'The ruling has more holes than Swiss cheese'

Justice Minister Shaked rails against ruling on illegal immigrants: 'Israel will be flooded with infiltrators.'

Shimon Cohen ,

Holes in the ruling. Ayelet Shaked
Holes in the ruling. Ayelet Shaked
Photo: Tomer Neuberg/Flash 90

Justice Minister Ayelet Shaked has announced that the Ministry has begun preparations to appeal recent rulings by the Appeals Tribunal, under the Entry into Israel Law (which deals with immigration policy).

"The rulings have more holes in them than Swiss cheese," Shaked declared.

"Over the past decade Israel has been dealing with a wave of illegal immigration, and currently over 50,000 infiltrators are in Israeli territory. So far, over 7,000 requests of asylum have been filed with the Interior Ministry by Eritreans, mostly due to desertion and/or dodging of army service. The ruling by the Tribunal will breach the dam and allow the tide of infiltrators to start again, after the government has just managed to stem it. Thousands of illegal immigrants will flood the country and receive legal permission to stay here, due to the Tribunal's rulings," Minister Shaked warns.

Shaked provided two reasons why the Tribunal's ruling is unfounded:

"One mistaken assumption made by the Tribunal is that requests for asylum aren't examined closely and individually. This isn't true. There is a committee active in the Interior Ministry which advises the Interior Minister on matters of asylum requests. This is a committee made up of professionals that advise the minister about each individual case after it is specifically examined, and the committee requests additional information as needed. Only after a detailed investigation does the committee make its recommendation to the Minister. The upshot of this is that there are no decisions made in a sweeping manner for large groups of people, but rather each case is examined individually according to its particular circumstances."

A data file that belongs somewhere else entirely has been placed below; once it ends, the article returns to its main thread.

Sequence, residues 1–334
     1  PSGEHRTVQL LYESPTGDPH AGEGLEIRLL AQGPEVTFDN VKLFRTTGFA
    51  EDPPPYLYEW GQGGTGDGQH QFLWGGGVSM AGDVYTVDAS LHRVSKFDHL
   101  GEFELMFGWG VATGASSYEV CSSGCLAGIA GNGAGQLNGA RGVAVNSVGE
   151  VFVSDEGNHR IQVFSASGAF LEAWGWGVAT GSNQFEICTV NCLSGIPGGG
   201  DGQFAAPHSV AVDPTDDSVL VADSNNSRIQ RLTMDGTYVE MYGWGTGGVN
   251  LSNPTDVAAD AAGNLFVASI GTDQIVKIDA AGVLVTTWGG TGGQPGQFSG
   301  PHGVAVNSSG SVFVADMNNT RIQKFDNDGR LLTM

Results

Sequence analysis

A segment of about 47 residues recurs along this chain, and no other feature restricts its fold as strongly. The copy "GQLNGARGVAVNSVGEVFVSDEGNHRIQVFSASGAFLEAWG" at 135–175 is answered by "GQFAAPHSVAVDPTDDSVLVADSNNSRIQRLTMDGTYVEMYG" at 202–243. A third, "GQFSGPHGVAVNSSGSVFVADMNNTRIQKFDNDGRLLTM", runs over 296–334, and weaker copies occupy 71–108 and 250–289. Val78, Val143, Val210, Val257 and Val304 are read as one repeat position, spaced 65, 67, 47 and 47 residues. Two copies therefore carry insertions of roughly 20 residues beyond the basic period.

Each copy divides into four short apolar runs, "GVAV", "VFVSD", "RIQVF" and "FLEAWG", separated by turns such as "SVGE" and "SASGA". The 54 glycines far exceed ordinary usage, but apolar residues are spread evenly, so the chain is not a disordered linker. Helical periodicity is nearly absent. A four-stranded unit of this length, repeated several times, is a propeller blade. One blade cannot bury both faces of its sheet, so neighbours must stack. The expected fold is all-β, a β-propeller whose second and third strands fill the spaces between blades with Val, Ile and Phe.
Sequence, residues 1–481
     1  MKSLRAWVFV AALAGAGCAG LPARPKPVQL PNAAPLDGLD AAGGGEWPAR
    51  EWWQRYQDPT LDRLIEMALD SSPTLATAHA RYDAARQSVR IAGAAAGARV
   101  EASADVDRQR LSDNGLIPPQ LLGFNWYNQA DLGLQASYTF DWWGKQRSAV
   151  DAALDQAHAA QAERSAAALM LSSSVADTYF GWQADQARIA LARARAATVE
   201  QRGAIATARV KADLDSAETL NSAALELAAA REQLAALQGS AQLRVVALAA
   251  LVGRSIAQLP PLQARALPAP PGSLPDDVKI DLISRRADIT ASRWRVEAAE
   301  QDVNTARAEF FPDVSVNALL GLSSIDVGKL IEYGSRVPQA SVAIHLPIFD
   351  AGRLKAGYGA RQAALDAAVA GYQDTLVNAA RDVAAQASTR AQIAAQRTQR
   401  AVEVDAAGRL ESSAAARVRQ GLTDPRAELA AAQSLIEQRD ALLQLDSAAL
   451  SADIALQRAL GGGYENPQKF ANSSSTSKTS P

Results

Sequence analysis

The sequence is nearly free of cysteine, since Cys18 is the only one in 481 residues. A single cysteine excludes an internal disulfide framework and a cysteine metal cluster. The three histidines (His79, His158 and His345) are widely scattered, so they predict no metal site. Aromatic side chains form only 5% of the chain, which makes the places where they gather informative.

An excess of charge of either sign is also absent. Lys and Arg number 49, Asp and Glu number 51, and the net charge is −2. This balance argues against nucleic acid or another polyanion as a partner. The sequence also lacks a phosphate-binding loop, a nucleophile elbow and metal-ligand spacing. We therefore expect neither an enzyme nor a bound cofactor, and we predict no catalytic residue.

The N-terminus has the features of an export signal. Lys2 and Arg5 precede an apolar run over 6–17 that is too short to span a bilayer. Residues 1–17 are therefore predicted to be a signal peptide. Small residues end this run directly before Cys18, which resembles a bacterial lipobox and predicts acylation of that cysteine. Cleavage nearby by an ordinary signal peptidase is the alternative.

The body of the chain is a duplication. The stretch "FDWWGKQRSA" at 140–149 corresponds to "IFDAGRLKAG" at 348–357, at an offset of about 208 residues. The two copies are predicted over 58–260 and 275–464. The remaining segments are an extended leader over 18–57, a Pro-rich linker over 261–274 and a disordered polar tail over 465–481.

The Justice Minister explained further: "Another important point is that after years of pursuing a lenient policy toward deserters from the Eritrean army, the British government - after a large-scale investigation of the issues - last month published new directives regarding Eritrean asylum-seekers. These directives stipulate that deserting or dodging the Eritrean army doesn't in itself constitute a basis for refugee status. This is precisely Israel's policy, and the Tribunal is undermining it."